This year, the company is relaunching the process, mounting Ellen McLaughlin’s modern verse translation of “Pericles, Prince of Tire,” whose authorship is generally attributed to Shakespeare and George Wilkins. The company presents the show in four episodes – an appropriate structure, considering the number of sea voyages made by its main character and family.

The first three episodes are shown online, with the fourth in person at various parks, marking a return to SF Shakes’ pre-pandemic modus operandi.

Episode 2: “In you rests all my hope” from “Pericles, Prince of Tire”: streaming at 7 pm from Friday to Saturday July 23 and 24; 4 p.m. Sunday, July 25. Episode 3: “The storm outside, the storm inside” broadcast live from July 30 to August 30. 8. Episode 4: “This great miracle” occurs in person in parks advertised from August 28 to Oct. 10. Free. 415-558-0888. For more information, visit www.sfshakes.org.

– Lily Janiak

Conductor Michael Morgan Photo: Pat Johnson

Michael Morgan Brings Little-Known Songwriter Into SF Symphony

Nineteenth-century French composer Louise Farrenc is still virtually unknown to modern audiences, despite a career rich in creative and institutional achievements. (Can you guess why?) Fortunately, Michael Morgan has done his part to correct the situation.

In 2019 he conducted the Oakland Symphony in Farrenc’s Third Symphony (1847), a vast and magnificent work that should be performed regularly. Now Morgan has put it at the center of his appearance with the San Francisco Symphony, featuring music by Rossini and stride pianist James P. Johnson.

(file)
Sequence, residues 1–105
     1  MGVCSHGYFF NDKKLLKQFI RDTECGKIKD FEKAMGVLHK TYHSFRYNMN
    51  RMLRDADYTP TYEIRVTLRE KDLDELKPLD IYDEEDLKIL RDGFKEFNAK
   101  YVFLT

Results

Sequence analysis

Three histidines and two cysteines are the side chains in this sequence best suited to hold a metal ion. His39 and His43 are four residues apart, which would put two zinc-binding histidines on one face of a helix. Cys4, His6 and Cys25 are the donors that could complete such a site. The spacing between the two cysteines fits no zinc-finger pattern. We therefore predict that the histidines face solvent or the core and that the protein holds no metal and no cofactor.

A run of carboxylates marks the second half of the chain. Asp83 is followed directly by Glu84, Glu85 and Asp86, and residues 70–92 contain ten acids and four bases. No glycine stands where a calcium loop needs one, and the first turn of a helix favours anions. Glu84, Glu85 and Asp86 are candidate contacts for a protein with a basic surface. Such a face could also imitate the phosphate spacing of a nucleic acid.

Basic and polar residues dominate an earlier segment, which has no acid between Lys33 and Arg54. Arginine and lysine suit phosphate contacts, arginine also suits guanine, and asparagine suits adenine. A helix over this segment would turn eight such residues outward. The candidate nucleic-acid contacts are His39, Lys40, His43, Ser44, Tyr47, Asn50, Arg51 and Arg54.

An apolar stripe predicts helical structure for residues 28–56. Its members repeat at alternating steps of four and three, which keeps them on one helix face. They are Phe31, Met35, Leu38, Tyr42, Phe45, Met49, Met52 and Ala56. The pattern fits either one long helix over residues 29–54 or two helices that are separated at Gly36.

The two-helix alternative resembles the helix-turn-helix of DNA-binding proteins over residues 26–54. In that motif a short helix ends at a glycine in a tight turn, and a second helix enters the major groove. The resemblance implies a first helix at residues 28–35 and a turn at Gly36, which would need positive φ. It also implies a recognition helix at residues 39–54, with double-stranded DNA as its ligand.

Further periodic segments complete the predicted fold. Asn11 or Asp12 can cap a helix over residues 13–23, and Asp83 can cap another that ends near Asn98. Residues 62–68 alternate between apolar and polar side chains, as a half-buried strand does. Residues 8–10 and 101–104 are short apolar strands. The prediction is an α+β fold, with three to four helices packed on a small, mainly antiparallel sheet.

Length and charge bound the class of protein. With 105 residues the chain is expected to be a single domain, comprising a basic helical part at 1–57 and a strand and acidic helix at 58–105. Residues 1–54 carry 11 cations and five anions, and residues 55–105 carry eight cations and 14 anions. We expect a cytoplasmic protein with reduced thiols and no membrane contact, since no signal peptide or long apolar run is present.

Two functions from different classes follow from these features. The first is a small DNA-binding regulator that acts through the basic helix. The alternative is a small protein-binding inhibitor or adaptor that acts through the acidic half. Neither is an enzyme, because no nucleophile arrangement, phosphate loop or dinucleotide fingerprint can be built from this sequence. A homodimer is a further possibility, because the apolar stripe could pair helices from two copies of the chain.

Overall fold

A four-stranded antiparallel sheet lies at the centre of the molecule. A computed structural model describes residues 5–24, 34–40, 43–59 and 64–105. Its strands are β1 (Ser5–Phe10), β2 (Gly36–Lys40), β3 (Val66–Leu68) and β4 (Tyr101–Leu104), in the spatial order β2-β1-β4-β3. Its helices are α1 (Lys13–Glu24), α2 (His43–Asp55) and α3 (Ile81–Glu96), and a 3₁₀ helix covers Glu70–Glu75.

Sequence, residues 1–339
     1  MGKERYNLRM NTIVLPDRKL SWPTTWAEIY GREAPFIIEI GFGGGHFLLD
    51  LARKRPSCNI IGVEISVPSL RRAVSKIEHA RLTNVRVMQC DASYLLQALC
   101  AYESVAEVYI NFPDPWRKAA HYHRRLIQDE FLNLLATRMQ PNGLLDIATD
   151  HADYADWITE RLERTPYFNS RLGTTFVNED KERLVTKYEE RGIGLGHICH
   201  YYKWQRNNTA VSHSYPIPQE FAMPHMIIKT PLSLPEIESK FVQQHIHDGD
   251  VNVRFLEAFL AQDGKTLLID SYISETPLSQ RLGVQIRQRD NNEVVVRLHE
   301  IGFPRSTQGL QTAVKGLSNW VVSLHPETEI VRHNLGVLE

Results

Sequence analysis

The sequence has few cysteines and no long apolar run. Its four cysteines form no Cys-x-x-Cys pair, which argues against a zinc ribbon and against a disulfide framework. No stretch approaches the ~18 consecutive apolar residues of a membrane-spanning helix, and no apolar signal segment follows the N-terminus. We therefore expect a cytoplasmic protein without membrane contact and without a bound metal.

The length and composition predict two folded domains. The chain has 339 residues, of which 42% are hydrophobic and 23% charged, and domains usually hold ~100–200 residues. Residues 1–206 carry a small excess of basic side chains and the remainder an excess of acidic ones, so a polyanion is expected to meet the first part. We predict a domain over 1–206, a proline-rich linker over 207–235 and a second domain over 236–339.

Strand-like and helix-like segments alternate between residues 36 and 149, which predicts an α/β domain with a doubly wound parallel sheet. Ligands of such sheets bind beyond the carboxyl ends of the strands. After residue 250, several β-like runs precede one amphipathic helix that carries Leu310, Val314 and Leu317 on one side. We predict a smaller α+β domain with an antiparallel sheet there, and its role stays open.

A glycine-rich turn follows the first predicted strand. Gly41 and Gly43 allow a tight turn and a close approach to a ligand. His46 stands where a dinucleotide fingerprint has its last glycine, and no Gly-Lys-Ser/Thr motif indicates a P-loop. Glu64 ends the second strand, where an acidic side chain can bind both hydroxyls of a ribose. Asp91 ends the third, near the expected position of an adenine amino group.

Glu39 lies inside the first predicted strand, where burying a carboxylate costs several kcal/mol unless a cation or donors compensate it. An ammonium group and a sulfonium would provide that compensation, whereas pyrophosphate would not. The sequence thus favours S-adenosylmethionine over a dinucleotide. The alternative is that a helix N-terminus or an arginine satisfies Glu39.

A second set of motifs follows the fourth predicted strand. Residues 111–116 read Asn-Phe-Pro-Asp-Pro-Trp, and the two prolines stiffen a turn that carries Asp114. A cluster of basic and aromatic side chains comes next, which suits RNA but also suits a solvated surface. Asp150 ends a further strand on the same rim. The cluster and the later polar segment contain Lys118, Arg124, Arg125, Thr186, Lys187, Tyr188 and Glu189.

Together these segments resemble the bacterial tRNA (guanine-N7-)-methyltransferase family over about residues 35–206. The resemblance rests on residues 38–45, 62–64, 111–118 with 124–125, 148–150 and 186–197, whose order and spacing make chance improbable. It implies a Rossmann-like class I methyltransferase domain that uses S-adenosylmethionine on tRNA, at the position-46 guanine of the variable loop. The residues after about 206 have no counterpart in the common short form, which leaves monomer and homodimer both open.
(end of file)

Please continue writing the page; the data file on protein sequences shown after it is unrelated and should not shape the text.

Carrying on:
San Francisco Symphony: 7:00 p.m., Friday, July 23. $ 25 to $ 95. Davies Symphony Hall, 401 Van Ness Avenue, SF 415-864-6000. www.sfsymphony.org. 7:30 p.m. on Saturday July 24. Frost Amphitheater, Stanford. live.stanford.edu.

– Joshua Kosman

A photo from “A Kaddish for Bernie Madoff”, adapted and directed by Alicia J. Rose from the Alicia Jo Rabins one-woman show. The feature film is presented by the San Francisco Jewish Film Festival. Photo: San Francisco Jewish Film Festival

‘A Kaddish for Bernie Madoff’ makes solo chamber rock opera film

In 2008, poet, musician, composer and performer Alicia Jo Rabins found herself at the forefront of the global financial crisis, thanks to an artist residency in an abandoned building on Wall Street.

She became especially fascinated with the story of Bernie Madoff – what about her grades, and the rest of us, that makes us want to believe something we should know is impossible. As Rabins does with much of her work, she looked at the narrative through a Jewish lens, wondering what ancient religious texts might have to say to her and to her contemporaries, Jews and non-Jews, about the great Madoff scam.

This impetus led to “A Kaddish for Bernie Madoff”, which she called “a one-woman chamber rock opera”. After its premiere at Joe’s Pub in New York in 2012, it has since been adapted into a film, directed by Alicia J. Rose, which is part of the San Francisco Jewish Film Festival, now showing both in person and online. .

“A Kaddish for Bernie Madoff”: screens at 5 pm Saturday July 24 at the Castro Theater, 429 Castro St., SF Available to stream July 22 through August. 1.15 $. jfi.org/sfjff-2021

– Lily Janiak

Carrie Hennessey in the title role of Janácek’s “Káta Kabanová” at the West Edge Opera Photo: Cory Weaver

West Edge Opera resumes performances with exterior staging by Janácek